Barber V Superior Court

Doctors who removed life support from a man who was in a vegetative state with very little chance of surviving the ordeal. The main question is if the two petitioners legally speaking actually killed the man when they took off his life support. By definition, murdering is “the unlawful killing of a human being, with malice aforethought. ” California Law states that Euthanasia is “neither Justifiable nor excusable in California.

Euthanasia by definition is “The act or practice of killing someone who is very sick or injured in order to prevent any more suffering” (Merriam-Webster). The question that matters is whether the Doctor’s removal of life support counts as committing an act in accordance with the definitions and laws stated above. In my opinion the two petitioners did not legally kill the victim in this case. I believe that the actual act of them removing the life support does not constitute a guilty act.

To me it is more of an omission of modern medicine. The doctors had an obligation to help the victim with his health issues, but not a legal responsibility. Once the victim was in a vegetative state they could not do anything to bring him out of the coma, only continue his living in that state and taking care of him. They discussed the issue with the patient’s wife and children and were sure to explain that the chance of recovery was extremely unlikely if at all possible.

The family gave the doctors consent to remove the victim from life support that would ultimately end his life. I also don’t see this omission of medical help as euthanasia as they did not undue his death. On the opposite side, if the doctors had given the victim a type of poison against the family wishes to keep him on life support, then I would consider that a murder. The facts of the case to me also show that the doctors and nursing staff did everything that they could to keep the victim alive and in good care.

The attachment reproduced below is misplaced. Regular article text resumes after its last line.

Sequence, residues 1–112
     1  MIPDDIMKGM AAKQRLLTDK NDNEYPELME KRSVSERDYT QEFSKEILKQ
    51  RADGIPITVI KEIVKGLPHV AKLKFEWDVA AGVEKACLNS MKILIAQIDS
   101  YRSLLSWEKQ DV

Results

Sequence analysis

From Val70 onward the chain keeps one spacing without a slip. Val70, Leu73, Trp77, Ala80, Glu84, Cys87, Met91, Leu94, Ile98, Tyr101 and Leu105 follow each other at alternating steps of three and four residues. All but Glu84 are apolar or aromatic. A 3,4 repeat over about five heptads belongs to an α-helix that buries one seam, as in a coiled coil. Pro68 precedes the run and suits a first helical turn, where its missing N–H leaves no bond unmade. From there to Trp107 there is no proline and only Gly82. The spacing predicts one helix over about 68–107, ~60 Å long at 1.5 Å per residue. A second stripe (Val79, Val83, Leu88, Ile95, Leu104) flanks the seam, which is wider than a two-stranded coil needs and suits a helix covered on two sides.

He had a heart attack after the surgery, was revived, and then kept on life support for a few days and hygienically kept in good care by the nursing staff. Doctors take patients off of life support everyday and they are not charged with murder. They did everything hey were supposed to and did not deviate from standard medical operating procedures with the care of the patient. Barber v. Superior Court is obviously very different from People v. Beardsley, but has the same main issue surrounding both of the deaths.

In Barber there is an omission of medical help for a sick man. While the doctors had a moral obligation to help the man as much as they possible could (Which they did), they did not have a legal obligation to keep him alive past a certain point. “Although there many be a duty to provide life-sustaining machinery in the immediate aftermath of a cardiac- expiratory arrest, there is not duty to continue its use once it has become futile in the opinion of qualified medical personnel” (Peg. 45, Criminal Law). The case of are in question. The respondent had known the victim long enough for him to have a moral obligation for her well-being. While that may have been true, he had no legal obligation to take care of her while she was intoxicated. Like in Barber, there was an omission of an act that caused the death of a person. It is of my opinion that again the defendant in this case did not commit a crime, and therefore did not commit manslaughter.

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